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More than 7 million high school and middle school students in Career and Technical Education programs—and their 140,000 teachers—are celebrating Career Technology Education Month in February.
A recent report by Catherine Jacques and Amy Potemski from AIR’s Center on Great Teachers & Leaders focused on the importance of strong CTE educators.
“CTE teachers are uniquely positioneContinue Reading »
Many schools across America must take the budget bull by the horns and decide whether cutting class size is the right way to do it. Take the Fairfax County Public Schools, for example. Class size is set to go up next school year under Superintendent Garza’s proposed budget. Does it matter?
Financially, yes. Class size is a major driver of school costs. And increasing pupil/ teacher ratContinue Reading »
Remember kindergarten? Remember the sand table where you poured and measured? The dress-up corner where you pretended to be a “community helper?” The science center where you explored with magnets and sorted pine cones? These kindergarten staples are disappearing. Art and music are fading too.
In many ways, kindergarten is becoming the new first grade.
According to an AIR analysiContinue Reading »
Compared to students from other industrialized countries, American students are, at best, average. Last week the US Department of Education published “First Look at PISA 2012,” sounding the alarm bells. Our 15-year-olds are slowly but surely falling behind 15-year-olds from countries where educational rigor is the standard. For instance, the average score on the mathematics literacy scale is 48Continue Reading »
Just hours ago, the latest round of data from the Program for International Student Assessment (PISA) was released to great fanfare. Under the auspices of the Organization for Economic Cooperation and Development (OECD), PISA has been assessing 15-year-olds in reading, math, and science every three years since 2000. This year over 60 “education systems,” almost all of them countries, participatContinue Reading »
The 2013 NAEP results—to some, “the nation’s report card”— came out earlier this month. These state-by-state test scores signal good news: student performance nationally and in most states continues to improve on balance, if only slightly. The District of the Columbia’s trend line is particularly heartening. Along with Tennessee, D.C. Public Schools made the largest student performance gains inContinue Reading »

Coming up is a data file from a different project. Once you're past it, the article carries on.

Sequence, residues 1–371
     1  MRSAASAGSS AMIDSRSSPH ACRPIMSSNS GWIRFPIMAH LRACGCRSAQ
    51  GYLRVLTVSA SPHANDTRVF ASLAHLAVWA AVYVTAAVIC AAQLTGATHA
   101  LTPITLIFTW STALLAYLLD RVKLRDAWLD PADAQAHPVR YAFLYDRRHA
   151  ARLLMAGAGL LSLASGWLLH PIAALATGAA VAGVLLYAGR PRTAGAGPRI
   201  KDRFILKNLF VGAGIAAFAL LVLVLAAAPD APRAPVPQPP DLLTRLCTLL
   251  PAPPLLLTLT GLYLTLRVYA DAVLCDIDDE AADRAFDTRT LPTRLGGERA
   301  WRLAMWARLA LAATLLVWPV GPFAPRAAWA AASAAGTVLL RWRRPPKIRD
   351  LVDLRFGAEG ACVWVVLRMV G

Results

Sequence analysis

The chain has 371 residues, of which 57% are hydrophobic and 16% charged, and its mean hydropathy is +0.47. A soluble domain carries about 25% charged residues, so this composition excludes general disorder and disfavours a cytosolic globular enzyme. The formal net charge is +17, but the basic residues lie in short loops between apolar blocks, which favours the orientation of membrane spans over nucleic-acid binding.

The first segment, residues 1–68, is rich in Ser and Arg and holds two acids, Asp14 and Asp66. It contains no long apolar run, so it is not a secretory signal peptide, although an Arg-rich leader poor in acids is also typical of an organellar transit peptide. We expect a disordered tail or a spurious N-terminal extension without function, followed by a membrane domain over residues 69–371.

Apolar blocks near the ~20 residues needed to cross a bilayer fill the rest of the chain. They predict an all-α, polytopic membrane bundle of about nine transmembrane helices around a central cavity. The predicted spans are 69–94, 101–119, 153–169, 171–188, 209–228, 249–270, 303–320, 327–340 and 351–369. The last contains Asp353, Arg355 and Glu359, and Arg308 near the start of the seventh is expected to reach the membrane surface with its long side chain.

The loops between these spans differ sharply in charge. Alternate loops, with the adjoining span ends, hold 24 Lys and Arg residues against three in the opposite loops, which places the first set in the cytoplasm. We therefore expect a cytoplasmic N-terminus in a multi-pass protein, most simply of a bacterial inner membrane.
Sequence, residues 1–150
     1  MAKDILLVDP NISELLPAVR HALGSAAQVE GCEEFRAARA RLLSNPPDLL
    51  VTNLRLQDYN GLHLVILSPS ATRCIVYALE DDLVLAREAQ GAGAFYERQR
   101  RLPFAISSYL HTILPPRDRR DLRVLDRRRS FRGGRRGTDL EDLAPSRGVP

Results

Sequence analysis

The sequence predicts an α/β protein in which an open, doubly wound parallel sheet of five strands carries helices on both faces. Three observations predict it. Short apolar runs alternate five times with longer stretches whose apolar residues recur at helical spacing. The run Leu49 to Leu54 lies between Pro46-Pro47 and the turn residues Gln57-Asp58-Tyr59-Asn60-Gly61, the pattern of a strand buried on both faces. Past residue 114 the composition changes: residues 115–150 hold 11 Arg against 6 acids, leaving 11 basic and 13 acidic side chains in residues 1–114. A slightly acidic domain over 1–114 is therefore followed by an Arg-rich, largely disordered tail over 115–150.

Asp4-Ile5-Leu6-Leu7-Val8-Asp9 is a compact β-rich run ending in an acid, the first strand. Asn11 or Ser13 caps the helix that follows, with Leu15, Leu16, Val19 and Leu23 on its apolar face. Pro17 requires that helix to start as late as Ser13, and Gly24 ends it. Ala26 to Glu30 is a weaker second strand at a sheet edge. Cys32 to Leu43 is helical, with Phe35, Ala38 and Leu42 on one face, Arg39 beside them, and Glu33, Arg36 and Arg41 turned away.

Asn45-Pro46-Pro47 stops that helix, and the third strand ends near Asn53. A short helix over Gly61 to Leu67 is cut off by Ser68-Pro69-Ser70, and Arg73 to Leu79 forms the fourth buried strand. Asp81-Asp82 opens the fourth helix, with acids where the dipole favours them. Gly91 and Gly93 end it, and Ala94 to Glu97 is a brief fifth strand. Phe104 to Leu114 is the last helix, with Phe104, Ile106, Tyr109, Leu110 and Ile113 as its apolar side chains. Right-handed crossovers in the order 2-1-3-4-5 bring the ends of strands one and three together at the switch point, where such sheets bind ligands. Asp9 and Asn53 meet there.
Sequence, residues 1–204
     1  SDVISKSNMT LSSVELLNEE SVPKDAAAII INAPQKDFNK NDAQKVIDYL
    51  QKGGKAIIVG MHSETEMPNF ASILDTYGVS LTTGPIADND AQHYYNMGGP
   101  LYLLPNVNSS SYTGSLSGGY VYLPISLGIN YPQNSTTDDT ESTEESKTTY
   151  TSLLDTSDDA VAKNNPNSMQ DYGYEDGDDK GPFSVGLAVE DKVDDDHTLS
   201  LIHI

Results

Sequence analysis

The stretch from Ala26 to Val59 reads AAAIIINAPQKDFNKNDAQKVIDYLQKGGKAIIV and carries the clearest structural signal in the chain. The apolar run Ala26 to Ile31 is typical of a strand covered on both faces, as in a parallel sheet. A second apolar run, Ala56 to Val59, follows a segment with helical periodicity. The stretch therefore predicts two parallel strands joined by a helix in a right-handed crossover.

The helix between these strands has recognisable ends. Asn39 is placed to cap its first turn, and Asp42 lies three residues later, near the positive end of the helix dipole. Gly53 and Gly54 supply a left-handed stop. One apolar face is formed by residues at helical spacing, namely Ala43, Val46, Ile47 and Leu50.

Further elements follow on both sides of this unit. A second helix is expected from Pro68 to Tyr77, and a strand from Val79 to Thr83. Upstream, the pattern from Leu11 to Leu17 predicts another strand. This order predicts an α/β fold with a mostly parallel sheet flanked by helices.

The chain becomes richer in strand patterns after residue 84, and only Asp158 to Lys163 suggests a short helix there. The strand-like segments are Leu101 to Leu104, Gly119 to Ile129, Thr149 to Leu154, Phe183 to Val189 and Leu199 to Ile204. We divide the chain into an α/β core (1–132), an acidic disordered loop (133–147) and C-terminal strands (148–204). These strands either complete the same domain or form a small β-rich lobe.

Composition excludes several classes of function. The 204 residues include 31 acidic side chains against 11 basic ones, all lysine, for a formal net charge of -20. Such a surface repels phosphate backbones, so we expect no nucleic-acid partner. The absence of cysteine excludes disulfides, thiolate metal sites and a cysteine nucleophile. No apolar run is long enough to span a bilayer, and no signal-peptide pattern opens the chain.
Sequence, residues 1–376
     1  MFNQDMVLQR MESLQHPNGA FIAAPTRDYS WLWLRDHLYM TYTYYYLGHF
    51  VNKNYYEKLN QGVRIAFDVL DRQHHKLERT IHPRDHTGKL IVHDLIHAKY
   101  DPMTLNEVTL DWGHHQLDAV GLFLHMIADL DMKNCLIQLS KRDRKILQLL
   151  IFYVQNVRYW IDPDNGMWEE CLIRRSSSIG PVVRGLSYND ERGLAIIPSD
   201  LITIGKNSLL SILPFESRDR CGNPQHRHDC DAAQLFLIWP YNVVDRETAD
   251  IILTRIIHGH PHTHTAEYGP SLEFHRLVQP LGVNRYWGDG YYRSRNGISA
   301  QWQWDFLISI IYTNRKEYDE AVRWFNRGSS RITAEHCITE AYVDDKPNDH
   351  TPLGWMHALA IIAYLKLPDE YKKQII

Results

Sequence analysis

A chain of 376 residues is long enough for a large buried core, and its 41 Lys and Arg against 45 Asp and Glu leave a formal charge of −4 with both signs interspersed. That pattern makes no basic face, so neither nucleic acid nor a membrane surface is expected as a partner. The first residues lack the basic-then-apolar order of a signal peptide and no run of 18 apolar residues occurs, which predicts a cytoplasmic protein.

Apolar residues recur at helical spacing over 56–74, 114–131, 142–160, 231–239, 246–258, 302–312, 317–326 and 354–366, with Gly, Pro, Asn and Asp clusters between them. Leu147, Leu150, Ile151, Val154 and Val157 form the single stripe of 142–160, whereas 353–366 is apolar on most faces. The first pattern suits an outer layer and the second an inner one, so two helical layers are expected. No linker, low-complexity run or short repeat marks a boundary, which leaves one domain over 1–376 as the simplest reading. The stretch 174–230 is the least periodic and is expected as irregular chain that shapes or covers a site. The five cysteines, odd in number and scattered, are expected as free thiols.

On the face of it, you wouldn’t think evaluating teachers would be a terribly emotional issue. After all, professionalism implies evaluation and transparency on a regular and consistent basis. Doctors answer to tissue committees and lawyers are scrutinized by their colleagues daily. Why is teacher evaluation so fraught with emotion?
Recent surveys indicate that teachers feel under siege.Continue Reading »
Way back in March of 2010, President Obama released his blueprint for reauthorizing the education law that’s commonly known as No Child Left Behind (NCLB). In it, he called for changing the way schools are identified for improvement from the criteria-referenced system that NCLB uses, where states set an objective “proficiency” benchmark and hold accountable all schools that fail to meet it, to Continue Reading »
In matters of style, swim with current; In matters of principle, stand like a rock. – Thomas Jefferson
Should where a student lives influence his or her chances of upward mobility? Most of us would say no. But here are some sobering facts.
According to a recent study conducted by researchers at Harvard and the University of California at BeContinue Reading »
Child poverty is our national family secret. According to a recent ETS study by Richard Coley and Bruce Baker, among the economically advanced countries only Romania has a higher percentage of children living in poverty than the United States.
Twenty-three percent of American children live in poverty. One and a half million children live in extreme poverty, getting by on $2 or less per pContinue Reading »